Tuesday, May 24, 2011

Discipline Revisited

I’ve done posts on discipline and limit setting and given the whole talk on the ins and outs of using it wisely and effectively. It’s been awhile since I brought up the topic, oh, maybe since my child was 8 months old, so I figured it was time for an update.

Fast forward to month 12.5. How are my discipline techniques going so far?

Well, with my child becoming a toddler very soon, I am trying super hard to stick to my limits and NOT give in. It is hard when your child is crying and really, really wanting to play with the curtains. You just want to say, “okay, fine” and let her pull on them.

BUT, I keep trucking and repeating over and over, “the curtains are not for playing with,” and redirect her, “your blocks and toys are for playing with.”

I am big on setting as few limits as possible. Why? Because you will drive yourself nuts if you are constantly telling your child, ‘no!” They’ll get so tired of hearing that little word, that pretty soon it won’t phase them anymore.

I've learned it's best to just set limits that are for safety at this age. Limits that will keep my child safe, others safe (including me and her daddy) and personal property safe. So basically I am setting limits for instance when she is trying so hard to be gentle but is laughing as she pats my face super hard- almost really slapping me. It’s mostly “we use gentle touches when we touch faces” and model it for her.

The play areas in our home are child proof so there isn’t too much she isn’t allowed to do. I always wondered how a parent can get upset with their child who is constantly going for the breakables.  Hello! Put the breakables up.  You can’t expect children under 2 years old to control themselves and keep their hands to themselves.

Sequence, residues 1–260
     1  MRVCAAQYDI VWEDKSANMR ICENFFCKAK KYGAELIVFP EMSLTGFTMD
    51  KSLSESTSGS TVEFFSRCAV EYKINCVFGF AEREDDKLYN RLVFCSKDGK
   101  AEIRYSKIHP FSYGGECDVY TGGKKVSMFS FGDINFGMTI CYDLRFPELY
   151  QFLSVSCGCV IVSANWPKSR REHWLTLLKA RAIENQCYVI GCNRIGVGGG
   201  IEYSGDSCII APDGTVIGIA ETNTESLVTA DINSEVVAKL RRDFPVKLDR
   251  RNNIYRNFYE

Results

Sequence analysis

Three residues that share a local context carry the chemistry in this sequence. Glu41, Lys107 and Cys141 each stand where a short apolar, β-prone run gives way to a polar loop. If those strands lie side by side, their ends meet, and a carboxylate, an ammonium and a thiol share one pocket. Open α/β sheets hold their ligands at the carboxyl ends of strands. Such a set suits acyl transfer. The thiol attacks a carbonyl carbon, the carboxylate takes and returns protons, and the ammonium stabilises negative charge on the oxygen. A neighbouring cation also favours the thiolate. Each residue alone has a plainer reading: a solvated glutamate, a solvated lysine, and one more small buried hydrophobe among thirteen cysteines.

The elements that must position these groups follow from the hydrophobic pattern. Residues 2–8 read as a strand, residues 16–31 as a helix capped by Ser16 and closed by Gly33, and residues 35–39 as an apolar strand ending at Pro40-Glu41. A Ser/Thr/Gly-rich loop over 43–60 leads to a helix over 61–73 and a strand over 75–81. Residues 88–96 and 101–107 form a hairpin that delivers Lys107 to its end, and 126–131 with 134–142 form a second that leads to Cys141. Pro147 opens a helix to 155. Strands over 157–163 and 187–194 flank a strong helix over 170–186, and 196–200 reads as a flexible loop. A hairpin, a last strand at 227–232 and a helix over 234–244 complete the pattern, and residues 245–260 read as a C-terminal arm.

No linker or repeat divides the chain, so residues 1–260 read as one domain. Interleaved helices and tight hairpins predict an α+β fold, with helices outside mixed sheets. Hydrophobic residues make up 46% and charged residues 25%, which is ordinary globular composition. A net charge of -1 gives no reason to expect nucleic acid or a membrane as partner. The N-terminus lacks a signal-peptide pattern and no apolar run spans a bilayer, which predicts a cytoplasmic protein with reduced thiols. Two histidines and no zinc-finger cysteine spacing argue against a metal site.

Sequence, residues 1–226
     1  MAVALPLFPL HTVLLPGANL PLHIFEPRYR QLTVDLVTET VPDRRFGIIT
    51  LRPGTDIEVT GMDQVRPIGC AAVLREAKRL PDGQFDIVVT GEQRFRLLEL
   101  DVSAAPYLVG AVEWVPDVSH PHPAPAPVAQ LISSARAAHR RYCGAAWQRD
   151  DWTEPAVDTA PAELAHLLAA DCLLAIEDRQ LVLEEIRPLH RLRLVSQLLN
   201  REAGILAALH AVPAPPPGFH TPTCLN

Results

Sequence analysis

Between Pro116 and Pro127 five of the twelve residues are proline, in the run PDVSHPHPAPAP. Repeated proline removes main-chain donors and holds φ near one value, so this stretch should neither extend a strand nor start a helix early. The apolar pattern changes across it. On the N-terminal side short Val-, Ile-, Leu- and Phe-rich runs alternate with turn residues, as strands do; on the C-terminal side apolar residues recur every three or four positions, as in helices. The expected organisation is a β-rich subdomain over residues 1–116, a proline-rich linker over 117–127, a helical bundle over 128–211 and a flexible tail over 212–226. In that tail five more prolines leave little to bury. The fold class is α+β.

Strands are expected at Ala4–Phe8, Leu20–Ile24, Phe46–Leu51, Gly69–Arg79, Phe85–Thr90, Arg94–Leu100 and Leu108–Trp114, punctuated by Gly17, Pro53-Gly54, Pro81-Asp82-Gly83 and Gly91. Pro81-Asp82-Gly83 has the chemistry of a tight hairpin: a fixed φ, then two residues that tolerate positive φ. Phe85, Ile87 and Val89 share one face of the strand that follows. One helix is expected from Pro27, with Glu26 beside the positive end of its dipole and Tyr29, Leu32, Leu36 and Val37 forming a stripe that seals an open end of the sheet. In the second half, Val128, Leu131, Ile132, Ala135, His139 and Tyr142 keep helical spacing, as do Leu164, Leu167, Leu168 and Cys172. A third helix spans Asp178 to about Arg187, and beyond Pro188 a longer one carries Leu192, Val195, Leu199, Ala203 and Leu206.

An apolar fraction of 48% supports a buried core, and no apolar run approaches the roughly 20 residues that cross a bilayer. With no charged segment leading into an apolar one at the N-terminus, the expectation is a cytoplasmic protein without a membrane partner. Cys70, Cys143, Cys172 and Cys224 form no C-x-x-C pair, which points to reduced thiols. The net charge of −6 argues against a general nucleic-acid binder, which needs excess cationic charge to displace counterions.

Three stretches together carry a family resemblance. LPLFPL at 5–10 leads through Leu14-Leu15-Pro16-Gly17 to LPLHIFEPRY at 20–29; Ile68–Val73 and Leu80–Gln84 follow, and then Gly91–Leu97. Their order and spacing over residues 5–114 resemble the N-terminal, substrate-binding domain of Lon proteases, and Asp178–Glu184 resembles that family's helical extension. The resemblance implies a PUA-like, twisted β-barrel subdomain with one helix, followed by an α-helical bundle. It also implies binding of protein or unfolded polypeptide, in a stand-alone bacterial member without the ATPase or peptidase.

I also try not to make a big deal (raising my voice) out of something she is doing that she shouldn’t. If she is constantly trying to throw a toy, I set the limit very calmly and have her play with something else. That way she isn’t even more tempted to try it again since she isn’t getting any attention from me. The more attention she gets, the more she will do something to get it!

Or like when she is eating in the high chair, and has thrown some of her food on the floor for the second time, laughing. I tell her calmly and matter of factly that “food is not for throwing” and just keep feeding her. It seems that the less upset I get and the less ‘scene’ it makes, the more she gets it.

So far so good but it does take practice and patience.  Patience is the key.  Not sweating the small stuff but making sure she understands what a limit is.  We'll see how she is when she reaches full on toddlermode!


  1. Your suggestions are excellent, and it does take patience to follow through.
    I think what is difficult at her age is watching her do these things and not laughing with her (since she is so cute). It takes strength to be firm when they are acting so funny etc. yet doing things that are not acceptable! That is where real parenting comes in, and it appears like you have nailed it!

  2. Yes, it is hard to not laugh when they do something wrong and we find it cute. Because in a few years, their sassy attitudes, and frustrations won't be so cute anymore!

  3. Totally, totally agree. I don't laugh, I just make a note to tell my husband and my mom later.